Calvinism is often defended or derided. For freewill theists, Calvinism is the standard foil. But usually there’s not much by way of definition beyond TULIP. Here’s a definition by a great Reformed theologian. It’s a useful point of reference whether or not we completely agree with his interpretation.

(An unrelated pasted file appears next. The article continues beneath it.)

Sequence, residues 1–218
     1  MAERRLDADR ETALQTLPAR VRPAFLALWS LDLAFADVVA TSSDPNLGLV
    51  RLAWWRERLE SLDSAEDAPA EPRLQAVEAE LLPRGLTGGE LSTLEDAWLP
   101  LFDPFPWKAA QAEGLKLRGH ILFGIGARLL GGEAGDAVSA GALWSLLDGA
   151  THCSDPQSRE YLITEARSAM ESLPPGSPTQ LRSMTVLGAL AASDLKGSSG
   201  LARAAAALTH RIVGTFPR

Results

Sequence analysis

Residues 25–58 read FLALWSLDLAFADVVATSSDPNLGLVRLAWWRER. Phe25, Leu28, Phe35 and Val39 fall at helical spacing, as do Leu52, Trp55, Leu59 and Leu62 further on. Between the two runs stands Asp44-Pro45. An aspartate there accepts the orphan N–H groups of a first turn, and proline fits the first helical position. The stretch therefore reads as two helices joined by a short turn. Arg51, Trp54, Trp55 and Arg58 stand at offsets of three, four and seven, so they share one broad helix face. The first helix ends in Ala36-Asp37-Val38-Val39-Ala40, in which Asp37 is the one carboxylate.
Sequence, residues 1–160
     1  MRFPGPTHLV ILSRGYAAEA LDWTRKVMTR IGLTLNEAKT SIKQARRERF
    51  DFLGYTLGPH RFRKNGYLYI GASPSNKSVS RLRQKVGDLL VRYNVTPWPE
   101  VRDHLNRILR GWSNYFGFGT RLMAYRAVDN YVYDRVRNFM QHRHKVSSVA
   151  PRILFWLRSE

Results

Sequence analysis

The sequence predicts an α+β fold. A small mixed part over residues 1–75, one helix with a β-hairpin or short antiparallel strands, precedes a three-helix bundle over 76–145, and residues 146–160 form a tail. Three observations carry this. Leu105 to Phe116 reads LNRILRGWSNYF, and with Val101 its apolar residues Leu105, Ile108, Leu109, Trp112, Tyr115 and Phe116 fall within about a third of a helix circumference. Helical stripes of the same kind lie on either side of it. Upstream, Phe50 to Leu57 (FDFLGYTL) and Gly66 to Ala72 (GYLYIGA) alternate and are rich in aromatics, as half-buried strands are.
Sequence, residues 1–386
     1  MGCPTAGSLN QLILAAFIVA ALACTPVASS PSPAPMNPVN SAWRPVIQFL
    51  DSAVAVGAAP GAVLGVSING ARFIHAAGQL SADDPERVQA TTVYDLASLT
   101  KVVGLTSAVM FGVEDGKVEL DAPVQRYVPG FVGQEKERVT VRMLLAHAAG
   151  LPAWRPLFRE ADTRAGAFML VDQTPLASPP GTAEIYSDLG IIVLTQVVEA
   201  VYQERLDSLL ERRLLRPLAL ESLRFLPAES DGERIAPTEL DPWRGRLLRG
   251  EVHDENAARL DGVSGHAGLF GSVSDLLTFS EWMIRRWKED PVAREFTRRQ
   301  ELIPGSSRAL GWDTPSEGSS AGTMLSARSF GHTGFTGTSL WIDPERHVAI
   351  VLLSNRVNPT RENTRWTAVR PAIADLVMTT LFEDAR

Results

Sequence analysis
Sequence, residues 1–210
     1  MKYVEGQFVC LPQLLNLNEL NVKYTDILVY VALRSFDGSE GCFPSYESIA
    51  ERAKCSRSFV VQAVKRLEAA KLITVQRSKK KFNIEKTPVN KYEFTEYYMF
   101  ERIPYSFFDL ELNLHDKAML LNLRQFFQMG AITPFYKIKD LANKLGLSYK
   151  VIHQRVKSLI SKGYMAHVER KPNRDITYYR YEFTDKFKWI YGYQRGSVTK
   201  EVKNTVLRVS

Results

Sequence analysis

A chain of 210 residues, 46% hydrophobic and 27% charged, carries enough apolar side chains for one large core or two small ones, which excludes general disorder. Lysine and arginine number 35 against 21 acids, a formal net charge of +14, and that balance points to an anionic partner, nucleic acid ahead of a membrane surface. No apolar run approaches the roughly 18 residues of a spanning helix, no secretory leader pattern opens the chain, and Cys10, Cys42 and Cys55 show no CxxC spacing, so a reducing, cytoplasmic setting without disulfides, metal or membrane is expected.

It begins, it centers, it ends with the vision of God in His glory…Whoever believes in God; whoever recognizes in the recesses of his soul his utter dependence on God…Perhaps the simplest statement of it is the best: that it lies in a profound apprehension of God in His majesty, with the inevitably accompanying poignant realization of the exact nature of the relation sustained to Him by the creature as such, and particularly by the sinful creature…Theism comes to its rights only in a teleological conception of the universe, which perceives in the entire course of events the orderly outworking of the plan of God, who is the author, preserver, and governor of all things, whose will is consequently the ultimate cause of all. The religious relation attains its purity only when an attitude of absolute dependence on God is not merely temporarily assumed in the act, say, of prayer, but is sustained through all the activities of life…The doctrine of predestination is not the formative principle of Calvinism, the root from which it springs. It is one of its logical consequences, one of the branches which it has inevitably thrown out. It has been firmly embraced and consistently proclaimed by Calvinists because it is an implicate of theism, is directly given in the religious consciousness, and is an absolutely essential element in evangelical religion, without which its central truth of complete dependence upon the free mercy of a saving God can not be maintained.This is the root of Calvinistic soteriology; and it is because this deep sense of human helplessness and this profound consciousness of indebtedness for all that enters into salvation to the free grace of God is the root of its soteriology that to it the doctrine of election becomes the cor cordis of the Gospel. He who knows that it is God who has chosen him and not he who has chosen God, and that he owes his entire salvation in all its processes and in every one of its stages to this choice of God, would be an ingrate indeed if he gave not the glory of his salvation solely to the inexplicable elective love of God. B. B. Warfield, “Calvinism,” The New Schaff-Herzog Encyclopedia of Religious Knowledge.